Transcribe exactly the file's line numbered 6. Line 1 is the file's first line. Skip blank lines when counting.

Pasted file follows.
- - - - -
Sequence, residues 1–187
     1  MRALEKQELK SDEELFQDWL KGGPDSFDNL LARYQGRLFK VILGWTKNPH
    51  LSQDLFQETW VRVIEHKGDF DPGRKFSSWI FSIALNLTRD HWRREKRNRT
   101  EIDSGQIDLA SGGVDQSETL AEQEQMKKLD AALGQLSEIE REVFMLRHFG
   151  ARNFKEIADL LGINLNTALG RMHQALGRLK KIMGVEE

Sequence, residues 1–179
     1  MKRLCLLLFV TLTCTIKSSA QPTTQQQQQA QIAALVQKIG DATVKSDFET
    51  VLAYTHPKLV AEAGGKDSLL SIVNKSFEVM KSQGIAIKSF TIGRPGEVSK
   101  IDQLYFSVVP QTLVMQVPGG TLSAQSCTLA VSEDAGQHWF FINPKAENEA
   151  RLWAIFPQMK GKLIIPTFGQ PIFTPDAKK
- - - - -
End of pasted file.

Sequence, residues 1–179